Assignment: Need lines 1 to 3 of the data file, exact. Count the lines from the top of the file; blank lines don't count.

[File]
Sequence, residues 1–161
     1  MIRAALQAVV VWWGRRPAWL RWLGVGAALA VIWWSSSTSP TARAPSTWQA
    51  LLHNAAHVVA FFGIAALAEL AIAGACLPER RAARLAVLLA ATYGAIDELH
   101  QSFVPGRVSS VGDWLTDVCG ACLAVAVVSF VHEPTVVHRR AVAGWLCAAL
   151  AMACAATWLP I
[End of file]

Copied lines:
Sequence, residues 1–161
     1  MIRAALQAVV VWWGRRPAWL RWLGVGAALA VIWWSSSTSP TARAPSTWQA
    51  LLHNAAHVVA FFGIAALAEL AIAGACLPER RAARLAVLLA ATYGAIDELH